KABUL, Afghanistan – KABUL, Afghanistan (AP) — An Afghan insurgent commander who was allegedly planning bombings in Kabul on the eve of the Sept. 18 parliamentary elections and two of his associates have been killed in an airstrike, NATO said Friday.
The military alliance said in a statement that intelligence sources tracked Nur Mohammed and two armed militants to a field in the remote Musahi district of Kabul province. Coalition aircraft carried out the airstrike Thursday night after ensuring no civilians were present, it added.
The statement said the senior insurgent commander was planning attacks in the capital before the Sept. 18 parliamentary elections. The Taliban has vowed to attack polling stations and warned Afghans not to participate in what it called a sham vote.
The insurgents want to topple the pro-Western government in Kabul and drive foreign troops from the country, and have boycotted or sought to sabotage all aspects of the political process, including elections.
"This was a very successful strike which stopped a very dangerous individual from conducting further attacks against Afghan civilians and Afghan and coalition forces," U.S. Air Force Col. James Dawkins said in the statement.
"The Afghan people deserve to cast their votes without fear of attacks from the insurgent groups," he said. "We are continuously tracking them and taking action before they're able to carry out their plans."
The Afghan government and its Western allies hope the elections for the lower house of parliament will help consolidate the country's fragile democracy and political stability, eventually allowing for the withdrawal of the roughly 140,000 NATO-led troops in the country.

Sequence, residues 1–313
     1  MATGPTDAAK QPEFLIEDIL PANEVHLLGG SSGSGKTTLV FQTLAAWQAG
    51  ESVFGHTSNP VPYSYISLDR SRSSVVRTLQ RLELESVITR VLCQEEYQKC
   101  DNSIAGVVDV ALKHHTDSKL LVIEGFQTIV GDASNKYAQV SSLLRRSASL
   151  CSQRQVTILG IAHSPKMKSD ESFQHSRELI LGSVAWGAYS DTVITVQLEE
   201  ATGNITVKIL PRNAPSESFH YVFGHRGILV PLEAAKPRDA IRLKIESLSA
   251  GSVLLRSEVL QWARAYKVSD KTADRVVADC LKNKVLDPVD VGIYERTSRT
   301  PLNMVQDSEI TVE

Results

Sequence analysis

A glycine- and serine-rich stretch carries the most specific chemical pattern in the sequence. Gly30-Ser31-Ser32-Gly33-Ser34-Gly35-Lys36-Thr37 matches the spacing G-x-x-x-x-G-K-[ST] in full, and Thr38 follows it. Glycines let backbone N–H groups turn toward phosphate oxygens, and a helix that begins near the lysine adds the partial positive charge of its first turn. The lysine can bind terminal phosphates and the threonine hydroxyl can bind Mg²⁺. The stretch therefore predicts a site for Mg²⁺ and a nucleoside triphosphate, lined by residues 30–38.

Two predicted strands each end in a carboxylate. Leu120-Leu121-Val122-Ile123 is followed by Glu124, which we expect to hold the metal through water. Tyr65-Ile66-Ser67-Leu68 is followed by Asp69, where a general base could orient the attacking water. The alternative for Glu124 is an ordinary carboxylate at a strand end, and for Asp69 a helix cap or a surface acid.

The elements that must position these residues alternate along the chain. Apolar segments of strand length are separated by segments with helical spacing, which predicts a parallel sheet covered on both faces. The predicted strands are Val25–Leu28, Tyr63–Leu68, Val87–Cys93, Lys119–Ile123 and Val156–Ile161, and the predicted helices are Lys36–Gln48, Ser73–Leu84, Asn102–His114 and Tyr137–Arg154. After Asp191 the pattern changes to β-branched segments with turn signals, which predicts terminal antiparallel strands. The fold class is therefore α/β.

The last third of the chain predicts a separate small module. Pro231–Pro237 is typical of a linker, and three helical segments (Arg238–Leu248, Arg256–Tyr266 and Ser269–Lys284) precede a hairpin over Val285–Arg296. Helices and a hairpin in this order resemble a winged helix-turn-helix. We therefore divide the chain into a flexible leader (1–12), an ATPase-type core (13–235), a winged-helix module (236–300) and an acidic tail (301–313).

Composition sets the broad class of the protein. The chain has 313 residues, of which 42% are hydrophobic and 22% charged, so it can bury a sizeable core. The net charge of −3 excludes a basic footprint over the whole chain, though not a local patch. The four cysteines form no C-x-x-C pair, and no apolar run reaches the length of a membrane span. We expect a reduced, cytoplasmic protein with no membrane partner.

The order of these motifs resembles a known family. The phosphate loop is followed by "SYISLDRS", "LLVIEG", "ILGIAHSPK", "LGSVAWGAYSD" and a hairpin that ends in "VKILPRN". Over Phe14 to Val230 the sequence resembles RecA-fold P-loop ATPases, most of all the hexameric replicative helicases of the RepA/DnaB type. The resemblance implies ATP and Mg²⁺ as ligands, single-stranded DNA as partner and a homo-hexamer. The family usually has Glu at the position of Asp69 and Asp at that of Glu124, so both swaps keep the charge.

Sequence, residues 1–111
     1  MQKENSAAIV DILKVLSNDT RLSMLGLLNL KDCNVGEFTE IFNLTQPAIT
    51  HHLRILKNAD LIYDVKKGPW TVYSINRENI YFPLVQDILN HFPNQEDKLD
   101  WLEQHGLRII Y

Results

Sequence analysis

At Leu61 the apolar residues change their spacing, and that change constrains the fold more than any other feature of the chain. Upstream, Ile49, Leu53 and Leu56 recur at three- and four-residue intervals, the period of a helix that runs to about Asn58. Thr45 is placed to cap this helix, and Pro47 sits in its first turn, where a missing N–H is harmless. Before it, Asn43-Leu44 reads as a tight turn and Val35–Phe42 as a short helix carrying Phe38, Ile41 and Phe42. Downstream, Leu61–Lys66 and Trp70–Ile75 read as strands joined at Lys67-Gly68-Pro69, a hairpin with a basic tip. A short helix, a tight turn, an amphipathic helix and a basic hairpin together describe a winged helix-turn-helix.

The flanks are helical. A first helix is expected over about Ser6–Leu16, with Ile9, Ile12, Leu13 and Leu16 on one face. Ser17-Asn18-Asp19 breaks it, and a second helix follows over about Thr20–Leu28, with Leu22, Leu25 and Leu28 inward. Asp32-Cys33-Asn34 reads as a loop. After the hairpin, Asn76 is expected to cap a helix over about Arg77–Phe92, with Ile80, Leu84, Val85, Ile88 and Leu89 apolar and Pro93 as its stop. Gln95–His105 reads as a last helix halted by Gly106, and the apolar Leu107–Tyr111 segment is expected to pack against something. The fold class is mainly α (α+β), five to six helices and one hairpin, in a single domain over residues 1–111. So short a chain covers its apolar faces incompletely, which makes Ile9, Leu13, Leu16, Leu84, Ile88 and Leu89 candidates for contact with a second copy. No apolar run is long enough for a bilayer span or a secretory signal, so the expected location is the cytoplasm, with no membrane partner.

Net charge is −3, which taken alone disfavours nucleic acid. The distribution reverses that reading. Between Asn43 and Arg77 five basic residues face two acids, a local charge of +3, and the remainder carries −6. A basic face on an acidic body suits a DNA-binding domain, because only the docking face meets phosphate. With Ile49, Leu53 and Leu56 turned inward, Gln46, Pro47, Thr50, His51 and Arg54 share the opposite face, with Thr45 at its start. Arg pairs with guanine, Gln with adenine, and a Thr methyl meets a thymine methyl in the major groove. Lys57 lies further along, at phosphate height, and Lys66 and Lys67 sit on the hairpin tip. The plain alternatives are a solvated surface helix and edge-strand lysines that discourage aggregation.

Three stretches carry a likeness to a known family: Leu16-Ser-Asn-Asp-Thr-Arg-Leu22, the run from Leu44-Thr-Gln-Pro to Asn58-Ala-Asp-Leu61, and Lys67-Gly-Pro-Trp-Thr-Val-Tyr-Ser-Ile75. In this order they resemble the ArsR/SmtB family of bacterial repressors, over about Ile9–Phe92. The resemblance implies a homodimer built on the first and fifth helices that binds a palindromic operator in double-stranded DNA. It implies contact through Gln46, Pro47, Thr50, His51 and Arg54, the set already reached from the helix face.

But many Afghans and international observers fear the vote could turn bloody if the Taliban carry out their threats.
Also Friday, NATO Secretary-General Anders Fogh Rasmussen urged European nations to boost their presence to meet the 2,000 troop increase requested by the U.S. primarily to train Afghan police and the military.
He said NATO-led troops won't be in Afghanistan forever, but "we won't leave until the Afghan security forces are ready," said Fogh Rasmussen in Madrid. "The Taliban can bomb, they can assassinate, but they can't take power. They can't win."
"They must put down their weapons and cut all links to terrorist groups I think the best point is to let the Afghan government negotiate from a point of strength," Fogh Rasmussen said.
Associated Press writer Alan Clendenning contributed to this report from Madrid.